I think that the main point in trying RPGs with the kids, is to show that they are also a way of having fun together. Because hanging together is fun. Doing something creative while hanging together, could be even more fun. The specific type of fun depends rather on what game I choose to try. If I try to prioritize my goals a bit:

  • 1. Hanging out: these people don't know each other that well yet and we're still building team spirit etc. RPGs might be a nice way to try to do that safely and ejoyably. If I pick the right game.
  • 2. Creativity: go for experiences of actually creating something cool. "Wow, this story is actually nice, and I helped to create it. I didn't just watch TV at home."
  • 3. Empowerment: would be a nice bonus. "The others liked what I narrated, Im not that useless after all."

I didn't put immersion or anything like that on the list. Im feeling narrativistic right now.

Hopefully this helps to clear up what Im trying to accomplish here.

Here on the forums I saw something about Zombie Cinema adapted to Cops and Robbers and that sounded quite usable, actually. Even though the amount of blood depends on the players, Im trying to minimize the risk that some people in the group want very detailed brain-eating and some don't and then the latter go and have nightmares etc. boohoo.

1001 Nights sounds pretty suitable according to Arkenstone's presentation text, Im just not too sure about the 1001 nights -setting itself. I'll have to ask how familiar the students are with it and if it interests them etc.

Also Under the Bed sounds extremely good, again according to Arkenstone's. The players are still adolescents, so actually the setting sounds pretty nail on the head -type of case somehow. I'll try to familiarize myself with the game a bit more. Would UtB be or could it be made to be playable one rather short session?

Thanks for the suggestions so far! Please, keep em coming :>

The Magus


( The following holds true for, at least, a mixed group of American Teens. YMMV )

If you have a large group of adolescents in small groups, and you're looking to build "group spirit," something you have to watch out for is that adolescents will go to extraordinary lengths to avoid appearing different from everybody else in their identity group.  You might see more "role playing" as people try to avoid looking like a freak than actually in playing a character in the session.  An important thing to remember for adolescents that while they all WANT to be empowered, very few want to stand out as actually demonstrating that empowerment.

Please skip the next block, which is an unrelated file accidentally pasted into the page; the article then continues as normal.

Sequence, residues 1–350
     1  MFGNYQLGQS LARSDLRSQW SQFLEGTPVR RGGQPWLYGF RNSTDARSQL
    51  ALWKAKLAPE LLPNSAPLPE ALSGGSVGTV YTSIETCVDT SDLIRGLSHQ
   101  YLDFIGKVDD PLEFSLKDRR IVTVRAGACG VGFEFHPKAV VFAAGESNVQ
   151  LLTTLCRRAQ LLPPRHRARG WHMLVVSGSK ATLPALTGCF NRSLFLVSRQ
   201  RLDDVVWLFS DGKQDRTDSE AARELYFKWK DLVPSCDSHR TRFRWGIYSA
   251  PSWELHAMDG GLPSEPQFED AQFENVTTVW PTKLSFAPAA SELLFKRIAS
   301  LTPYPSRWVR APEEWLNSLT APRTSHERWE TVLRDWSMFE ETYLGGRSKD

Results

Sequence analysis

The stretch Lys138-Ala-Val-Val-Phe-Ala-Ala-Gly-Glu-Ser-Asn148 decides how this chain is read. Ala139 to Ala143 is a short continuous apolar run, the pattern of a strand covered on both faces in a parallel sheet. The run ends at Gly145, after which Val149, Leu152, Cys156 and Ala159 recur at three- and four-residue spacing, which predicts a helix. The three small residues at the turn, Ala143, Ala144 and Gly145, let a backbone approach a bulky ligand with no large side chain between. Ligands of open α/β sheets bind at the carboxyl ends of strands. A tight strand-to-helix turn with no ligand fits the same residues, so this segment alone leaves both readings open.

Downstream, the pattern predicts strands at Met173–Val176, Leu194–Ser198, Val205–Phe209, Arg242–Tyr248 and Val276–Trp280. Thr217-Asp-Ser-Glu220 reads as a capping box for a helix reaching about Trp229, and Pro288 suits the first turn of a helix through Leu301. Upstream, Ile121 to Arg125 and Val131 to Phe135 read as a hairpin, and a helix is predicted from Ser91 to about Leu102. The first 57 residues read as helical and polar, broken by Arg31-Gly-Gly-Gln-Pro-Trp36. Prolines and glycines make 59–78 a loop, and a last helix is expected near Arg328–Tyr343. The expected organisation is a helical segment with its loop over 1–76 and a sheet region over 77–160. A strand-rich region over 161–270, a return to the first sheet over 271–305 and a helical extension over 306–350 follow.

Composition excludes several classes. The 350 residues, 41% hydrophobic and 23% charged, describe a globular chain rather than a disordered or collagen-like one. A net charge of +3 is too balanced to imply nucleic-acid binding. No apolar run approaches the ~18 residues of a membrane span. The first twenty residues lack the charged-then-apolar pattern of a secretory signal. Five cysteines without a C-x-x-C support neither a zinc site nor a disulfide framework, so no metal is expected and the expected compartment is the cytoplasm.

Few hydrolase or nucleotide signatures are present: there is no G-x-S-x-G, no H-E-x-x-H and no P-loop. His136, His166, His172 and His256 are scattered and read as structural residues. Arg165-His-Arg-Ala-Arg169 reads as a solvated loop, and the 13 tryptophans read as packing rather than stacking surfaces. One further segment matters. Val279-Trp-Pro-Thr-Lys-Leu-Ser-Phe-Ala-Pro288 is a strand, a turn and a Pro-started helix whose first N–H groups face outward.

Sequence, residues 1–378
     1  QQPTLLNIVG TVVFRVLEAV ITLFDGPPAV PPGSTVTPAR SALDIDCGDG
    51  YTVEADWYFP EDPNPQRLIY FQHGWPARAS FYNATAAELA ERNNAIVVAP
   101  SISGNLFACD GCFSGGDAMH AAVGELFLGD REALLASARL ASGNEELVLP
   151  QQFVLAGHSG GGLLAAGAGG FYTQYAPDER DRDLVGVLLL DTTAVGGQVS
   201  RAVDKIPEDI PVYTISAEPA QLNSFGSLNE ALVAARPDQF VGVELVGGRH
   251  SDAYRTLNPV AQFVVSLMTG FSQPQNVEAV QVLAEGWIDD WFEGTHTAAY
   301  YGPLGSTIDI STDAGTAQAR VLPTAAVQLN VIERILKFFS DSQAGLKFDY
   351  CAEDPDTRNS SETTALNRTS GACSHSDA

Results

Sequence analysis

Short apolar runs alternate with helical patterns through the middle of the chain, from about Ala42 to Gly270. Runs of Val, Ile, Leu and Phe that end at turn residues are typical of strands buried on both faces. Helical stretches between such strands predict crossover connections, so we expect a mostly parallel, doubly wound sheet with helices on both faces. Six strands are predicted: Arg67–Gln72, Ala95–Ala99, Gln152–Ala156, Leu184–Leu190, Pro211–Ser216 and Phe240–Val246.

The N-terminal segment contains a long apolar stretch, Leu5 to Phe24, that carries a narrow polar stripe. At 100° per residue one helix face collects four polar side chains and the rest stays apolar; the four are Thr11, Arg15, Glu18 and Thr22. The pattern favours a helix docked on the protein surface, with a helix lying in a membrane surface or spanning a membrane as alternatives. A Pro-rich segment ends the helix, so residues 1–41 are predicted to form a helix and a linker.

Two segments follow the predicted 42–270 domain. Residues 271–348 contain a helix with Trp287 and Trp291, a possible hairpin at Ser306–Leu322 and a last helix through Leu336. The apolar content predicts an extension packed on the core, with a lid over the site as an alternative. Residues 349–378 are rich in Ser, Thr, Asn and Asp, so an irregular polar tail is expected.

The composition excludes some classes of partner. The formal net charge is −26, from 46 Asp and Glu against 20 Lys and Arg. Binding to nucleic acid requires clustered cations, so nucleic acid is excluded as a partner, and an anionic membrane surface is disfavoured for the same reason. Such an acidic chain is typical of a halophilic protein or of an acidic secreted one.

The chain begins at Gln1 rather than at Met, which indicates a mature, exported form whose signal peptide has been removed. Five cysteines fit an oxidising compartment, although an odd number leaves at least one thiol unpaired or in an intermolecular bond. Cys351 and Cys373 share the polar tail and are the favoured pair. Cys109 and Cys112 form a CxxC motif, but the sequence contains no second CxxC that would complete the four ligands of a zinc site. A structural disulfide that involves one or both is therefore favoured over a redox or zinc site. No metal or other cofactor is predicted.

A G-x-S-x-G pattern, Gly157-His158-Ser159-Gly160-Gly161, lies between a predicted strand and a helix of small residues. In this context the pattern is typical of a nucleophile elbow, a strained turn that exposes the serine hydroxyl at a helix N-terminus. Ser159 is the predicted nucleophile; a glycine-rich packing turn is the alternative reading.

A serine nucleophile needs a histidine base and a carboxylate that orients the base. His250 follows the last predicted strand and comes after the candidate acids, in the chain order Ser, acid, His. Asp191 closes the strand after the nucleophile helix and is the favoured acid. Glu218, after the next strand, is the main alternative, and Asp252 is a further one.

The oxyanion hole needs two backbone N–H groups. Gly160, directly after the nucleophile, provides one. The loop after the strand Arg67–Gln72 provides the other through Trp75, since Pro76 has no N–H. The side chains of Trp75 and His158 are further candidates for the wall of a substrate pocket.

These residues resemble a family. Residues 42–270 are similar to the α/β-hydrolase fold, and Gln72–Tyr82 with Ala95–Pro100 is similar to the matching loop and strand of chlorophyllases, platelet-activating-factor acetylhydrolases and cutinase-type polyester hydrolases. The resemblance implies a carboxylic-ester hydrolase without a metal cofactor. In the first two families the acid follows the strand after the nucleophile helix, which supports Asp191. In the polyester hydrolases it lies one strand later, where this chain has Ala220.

After each session, I'd mix up the small groups, and letting them know that you'll be mixing up the groups.  That way they know ahead of time that they won't get away with just hanging out and not participating in the activity. I'd keep my criteria a secret, but probably mix them up by taking the person who did the "best," and the people who did the "worst," and moving them around.

If you're rotating the groups, you have a chance to move the people who have similar tastes (ex: high gore vs low gore) together as well.

(who has a secondary education degree as his author authority :) )

Eero Tuovinen

One reason for considering UtB is indeed that it handles the short session pretty well. I wouldn't even consider it much of a loss if the players didn't have time to finish the game - the point in roleplaying at school is often more in proving the concept than getting a whole session in. As long as the players get to use their imagination and get to see how it works, they can always join a club and play at more length later on if they want.
Blogging at Game Design is about Structure.
Publishing Zombie Cinema and Solar System at Arkenstone Publishing.